11. Before you attach the right hand side elastic/corner on the inside of your case, you need to insert the board back into the tube. Then, using an iron for clean creases, I folded the material at the end as if I was wrapping a present. You have a choice here, you can then sew up the edge, before folding it over, or if you have creased it well with the iron, you can get away without doing this (I ended up unpicking my sewing and ironing instead as I preferred the ‘look’ without the stitching – it’s personal taste).
You can now fold over this end and secure it in place with Wunderweb. This stuff is awesome. To use, you cut a piece of webbing to fit the area you want to secure, and lay it between the two pieces of material you’re sticking together. Then you need to lay a damp tea-towel or jay-cloth on top, and hold the iron to fuse it all together, for at least 10 seconds. It really does work like magic!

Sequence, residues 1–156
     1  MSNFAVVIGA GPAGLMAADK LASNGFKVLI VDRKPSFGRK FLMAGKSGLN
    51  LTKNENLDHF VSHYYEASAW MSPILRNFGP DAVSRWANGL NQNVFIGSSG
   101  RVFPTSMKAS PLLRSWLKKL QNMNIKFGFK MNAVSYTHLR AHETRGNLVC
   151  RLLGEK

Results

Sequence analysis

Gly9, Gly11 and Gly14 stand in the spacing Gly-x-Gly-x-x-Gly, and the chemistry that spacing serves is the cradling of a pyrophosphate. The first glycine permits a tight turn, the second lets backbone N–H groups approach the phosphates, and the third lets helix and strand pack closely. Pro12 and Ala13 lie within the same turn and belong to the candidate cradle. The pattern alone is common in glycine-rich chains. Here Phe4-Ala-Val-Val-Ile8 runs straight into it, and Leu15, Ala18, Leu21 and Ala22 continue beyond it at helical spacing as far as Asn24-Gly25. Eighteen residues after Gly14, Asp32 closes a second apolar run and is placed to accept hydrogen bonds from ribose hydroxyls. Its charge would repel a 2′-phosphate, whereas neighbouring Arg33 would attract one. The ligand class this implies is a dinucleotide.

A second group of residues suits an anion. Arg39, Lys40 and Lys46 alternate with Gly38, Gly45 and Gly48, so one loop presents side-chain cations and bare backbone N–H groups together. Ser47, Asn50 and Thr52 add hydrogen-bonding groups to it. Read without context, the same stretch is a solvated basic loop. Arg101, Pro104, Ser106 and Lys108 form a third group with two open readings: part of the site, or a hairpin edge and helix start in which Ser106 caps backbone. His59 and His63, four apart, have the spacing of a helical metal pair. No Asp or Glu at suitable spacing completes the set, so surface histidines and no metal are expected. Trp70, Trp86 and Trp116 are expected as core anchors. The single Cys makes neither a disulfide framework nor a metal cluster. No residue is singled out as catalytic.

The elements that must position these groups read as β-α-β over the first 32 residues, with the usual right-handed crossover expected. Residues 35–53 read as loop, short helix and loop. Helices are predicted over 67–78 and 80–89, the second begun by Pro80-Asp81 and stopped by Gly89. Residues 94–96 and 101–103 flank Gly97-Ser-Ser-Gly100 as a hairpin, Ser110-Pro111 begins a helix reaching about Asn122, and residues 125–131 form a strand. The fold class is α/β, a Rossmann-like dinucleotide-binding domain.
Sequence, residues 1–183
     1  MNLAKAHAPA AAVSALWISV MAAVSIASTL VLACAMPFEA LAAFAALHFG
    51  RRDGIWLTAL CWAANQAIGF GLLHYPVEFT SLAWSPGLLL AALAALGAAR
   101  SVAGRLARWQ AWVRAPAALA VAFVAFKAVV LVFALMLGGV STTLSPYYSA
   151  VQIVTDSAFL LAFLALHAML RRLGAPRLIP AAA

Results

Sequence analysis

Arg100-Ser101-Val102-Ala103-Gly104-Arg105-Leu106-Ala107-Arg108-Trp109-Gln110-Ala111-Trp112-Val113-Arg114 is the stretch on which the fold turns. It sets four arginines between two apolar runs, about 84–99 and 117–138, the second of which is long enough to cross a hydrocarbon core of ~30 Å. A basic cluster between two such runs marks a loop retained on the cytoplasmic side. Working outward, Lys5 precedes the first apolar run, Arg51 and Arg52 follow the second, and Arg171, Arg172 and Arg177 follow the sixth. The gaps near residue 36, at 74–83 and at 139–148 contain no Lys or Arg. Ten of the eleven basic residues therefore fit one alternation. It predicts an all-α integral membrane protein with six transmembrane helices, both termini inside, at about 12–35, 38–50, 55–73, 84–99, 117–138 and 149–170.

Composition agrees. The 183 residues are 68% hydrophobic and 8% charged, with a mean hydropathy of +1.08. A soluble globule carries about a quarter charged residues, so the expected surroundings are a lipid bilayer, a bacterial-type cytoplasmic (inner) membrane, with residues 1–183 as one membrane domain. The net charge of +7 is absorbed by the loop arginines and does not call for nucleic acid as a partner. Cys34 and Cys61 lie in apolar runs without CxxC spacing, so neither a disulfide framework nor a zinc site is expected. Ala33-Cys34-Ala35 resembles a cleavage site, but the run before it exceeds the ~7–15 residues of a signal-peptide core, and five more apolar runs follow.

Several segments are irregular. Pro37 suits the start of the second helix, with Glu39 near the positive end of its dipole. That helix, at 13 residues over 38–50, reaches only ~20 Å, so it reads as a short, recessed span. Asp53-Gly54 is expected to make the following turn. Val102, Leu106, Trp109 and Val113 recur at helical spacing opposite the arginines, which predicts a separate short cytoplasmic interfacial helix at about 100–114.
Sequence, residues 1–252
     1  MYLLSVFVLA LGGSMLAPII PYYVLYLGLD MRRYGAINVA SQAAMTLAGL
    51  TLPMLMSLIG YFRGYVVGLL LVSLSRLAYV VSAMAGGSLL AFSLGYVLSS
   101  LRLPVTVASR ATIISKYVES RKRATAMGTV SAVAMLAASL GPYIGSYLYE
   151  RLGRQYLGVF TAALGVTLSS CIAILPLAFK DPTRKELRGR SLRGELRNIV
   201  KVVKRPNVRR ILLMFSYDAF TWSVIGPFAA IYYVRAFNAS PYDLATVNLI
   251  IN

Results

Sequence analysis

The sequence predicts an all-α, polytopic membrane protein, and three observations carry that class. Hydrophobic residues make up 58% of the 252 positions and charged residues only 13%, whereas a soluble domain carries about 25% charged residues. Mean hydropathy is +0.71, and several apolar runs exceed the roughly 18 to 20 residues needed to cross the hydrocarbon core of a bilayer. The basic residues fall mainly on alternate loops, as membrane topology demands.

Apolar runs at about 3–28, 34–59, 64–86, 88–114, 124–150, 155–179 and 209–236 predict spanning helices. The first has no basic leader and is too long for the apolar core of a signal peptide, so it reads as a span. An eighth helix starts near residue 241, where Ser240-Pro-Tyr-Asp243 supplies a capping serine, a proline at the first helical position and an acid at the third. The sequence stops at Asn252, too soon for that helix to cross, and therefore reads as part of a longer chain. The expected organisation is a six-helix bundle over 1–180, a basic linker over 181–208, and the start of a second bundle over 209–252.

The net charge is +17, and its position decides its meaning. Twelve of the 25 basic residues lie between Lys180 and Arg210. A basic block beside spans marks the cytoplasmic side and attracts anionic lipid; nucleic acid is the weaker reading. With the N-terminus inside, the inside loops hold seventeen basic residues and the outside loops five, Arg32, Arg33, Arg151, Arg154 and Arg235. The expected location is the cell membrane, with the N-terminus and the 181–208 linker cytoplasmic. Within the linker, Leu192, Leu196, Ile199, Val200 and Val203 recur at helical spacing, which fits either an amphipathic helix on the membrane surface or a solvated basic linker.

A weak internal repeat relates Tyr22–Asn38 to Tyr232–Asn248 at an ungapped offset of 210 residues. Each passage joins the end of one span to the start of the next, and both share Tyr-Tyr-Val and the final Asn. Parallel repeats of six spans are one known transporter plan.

12. I recommend leaving the Wunderweb section to dry out and become really well stuck before you stitch the final two corner fastenings in place, just like before. I also then, using glue suitable for fixing materials, added a ribbon down the spine. You should now have something that looks like this:13. It’s nice and easy now – we just need to do the ‘pretty-fying’! I stuck 3 buttons on the outer spine along the stripy band:
I then contemplated adding more, but decided that actually I liked the more minimalist look, but there’s nothing to stop you putting anything you like on the cover now – even iron-on patches could look great.
And that’s it – your kindle case should be complete!
I really hope that this tutorial has been helpful and given you plenty of ideas on how to make a cover for your kindle. I’d love to hear any feedback and to see any of your own versions – please send me pictures so that I can feature them in future posts.
A final thank you to The Makery for giving me such a wonderful choice of materials and buttons to choose from in the making of this – every visit to your gorgeous shop is a delight, and purse-lightening!